Disease X: A novel approach to prevent future pandemics

Researchers at Cornell University and the Wildlife Conservation Society have put forward a unique solution to prevent future pandemics: living in harmony with bats. Their study, published in “The Lancet Planetary Health,” suggests that disturbing bats, who are often considered carriers of diseases, can actually increase the risk of zoonotic spillover, where animal-borne pathogens like “Disease X” are transmitted to humans. Although bats carry many viruses, including one closely related to COVID-19, the researchers argue that safeguarding bat habitats and reducing human interference can significantly reduce the likelihood of future pandemics. This new approach towards coexisting peacefully with bats may offer a crucial strategy for safeguarding public health.

The World Health Organization has recently warned that the occurrence of the next pandemic, known as ‘Disease X,’ is inevitable and only a matter of time.

Read More News: The whole world is shaking in fear! 20 times more people will die from this unknown virus than Corona!

“In a globalized world with 8 billion people, we can no longer ignore our interconnectedness with the wildlife and ecosystems around us. We must change humanity’s relationship with nature if we want to prevent the next pandemic of zoonotic origin-and that can start with bats,” says Dr. Susan Lieberman, WCS’s Vice President for International Policy.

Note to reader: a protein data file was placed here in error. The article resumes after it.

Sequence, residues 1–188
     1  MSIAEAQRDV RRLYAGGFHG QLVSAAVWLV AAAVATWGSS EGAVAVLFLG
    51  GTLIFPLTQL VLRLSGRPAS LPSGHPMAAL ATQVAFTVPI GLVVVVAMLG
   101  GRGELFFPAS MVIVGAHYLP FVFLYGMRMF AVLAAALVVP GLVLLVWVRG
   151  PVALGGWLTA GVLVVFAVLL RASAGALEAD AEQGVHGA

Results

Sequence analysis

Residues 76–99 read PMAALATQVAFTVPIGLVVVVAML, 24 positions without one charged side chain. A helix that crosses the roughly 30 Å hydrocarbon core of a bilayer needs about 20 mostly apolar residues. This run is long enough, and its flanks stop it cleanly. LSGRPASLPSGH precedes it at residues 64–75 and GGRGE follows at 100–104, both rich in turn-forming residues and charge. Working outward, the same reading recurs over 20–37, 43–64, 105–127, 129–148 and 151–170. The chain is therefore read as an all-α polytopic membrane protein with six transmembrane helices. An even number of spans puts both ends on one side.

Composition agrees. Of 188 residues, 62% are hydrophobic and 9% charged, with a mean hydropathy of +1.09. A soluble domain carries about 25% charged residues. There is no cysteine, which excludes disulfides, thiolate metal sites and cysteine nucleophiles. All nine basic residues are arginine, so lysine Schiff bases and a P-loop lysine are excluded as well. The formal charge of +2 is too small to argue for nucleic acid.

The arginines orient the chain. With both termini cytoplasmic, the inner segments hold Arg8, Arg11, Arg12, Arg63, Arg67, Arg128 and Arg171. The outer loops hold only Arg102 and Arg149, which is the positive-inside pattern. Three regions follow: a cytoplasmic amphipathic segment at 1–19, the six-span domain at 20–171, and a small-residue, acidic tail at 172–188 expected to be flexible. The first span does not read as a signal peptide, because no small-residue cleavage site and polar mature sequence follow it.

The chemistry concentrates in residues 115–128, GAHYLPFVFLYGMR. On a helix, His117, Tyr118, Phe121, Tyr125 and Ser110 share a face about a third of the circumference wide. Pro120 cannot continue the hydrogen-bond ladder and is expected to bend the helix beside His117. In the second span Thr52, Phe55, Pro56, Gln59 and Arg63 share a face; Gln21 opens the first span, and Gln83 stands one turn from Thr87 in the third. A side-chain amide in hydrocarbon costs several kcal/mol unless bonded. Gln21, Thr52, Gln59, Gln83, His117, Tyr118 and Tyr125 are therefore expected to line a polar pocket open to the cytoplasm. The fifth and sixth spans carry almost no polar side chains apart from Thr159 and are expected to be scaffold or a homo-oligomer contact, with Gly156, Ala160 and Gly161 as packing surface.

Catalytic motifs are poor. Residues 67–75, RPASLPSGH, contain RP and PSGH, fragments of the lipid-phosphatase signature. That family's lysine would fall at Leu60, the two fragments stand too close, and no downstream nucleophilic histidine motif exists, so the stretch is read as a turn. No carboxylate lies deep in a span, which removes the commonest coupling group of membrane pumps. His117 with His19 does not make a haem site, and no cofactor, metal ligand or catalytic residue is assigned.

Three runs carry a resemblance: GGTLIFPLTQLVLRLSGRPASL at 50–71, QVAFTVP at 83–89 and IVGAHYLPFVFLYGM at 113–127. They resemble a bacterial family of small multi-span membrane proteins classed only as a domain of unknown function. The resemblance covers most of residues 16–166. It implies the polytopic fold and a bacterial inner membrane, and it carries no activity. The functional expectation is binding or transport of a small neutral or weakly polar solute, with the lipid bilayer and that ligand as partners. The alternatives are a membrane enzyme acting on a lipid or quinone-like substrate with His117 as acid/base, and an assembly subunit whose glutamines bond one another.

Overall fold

In simple terms, it is crucial for humanity to alter its damaged association with nature, particularly when it comes to wildlife and bats. The expenses involved in bringing about behavioral changes in humans are small compared to the potential expenses of another worldwide pandemic, which could be even more catastrophic.

“Getting humanity to work collaboratively at a global scale underpins most of the existential challenges we face, from climate change and environmental pollution to biodiversity loss and ecosystem collapse-this at a time when earnest collaboration even at local scales often seems elusive,” notes Cornell Professor of Wildlife Health & Health Policy Steven A. Osofsky, lead author of the study. “However, if we can actually stop hunting, eating, and trading bats, stay out of their caves, keep livestock away from areas where bats are concentrated, and if we can stop deforesting, degrading (or even start restoring) their natural habitats, we can indisputably lower the chances of another pandemic.”

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